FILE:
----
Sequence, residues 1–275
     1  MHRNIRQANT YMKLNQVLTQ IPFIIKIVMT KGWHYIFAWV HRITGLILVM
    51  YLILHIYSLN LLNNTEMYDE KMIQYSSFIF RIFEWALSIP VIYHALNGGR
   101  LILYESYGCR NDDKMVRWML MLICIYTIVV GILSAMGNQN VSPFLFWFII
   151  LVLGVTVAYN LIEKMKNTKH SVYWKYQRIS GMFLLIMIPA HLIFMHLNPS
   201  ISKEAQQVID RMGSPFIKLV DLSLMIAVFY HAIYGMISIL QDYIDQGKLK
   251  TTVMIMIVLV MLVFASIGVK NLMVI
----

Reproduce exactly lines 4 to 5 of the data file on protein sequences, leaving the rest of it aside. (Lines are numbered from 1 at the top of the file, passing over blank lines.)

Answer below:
   101  LILYESYGCR NDDKMVRWML MLICIYTIVV GILSAMGNQN VSPFLFWFII
   151  LVLGVTVAYN LIEKMKNTKH SVYWKYQRIS GMFLLIMIPA HLIFMHLNPS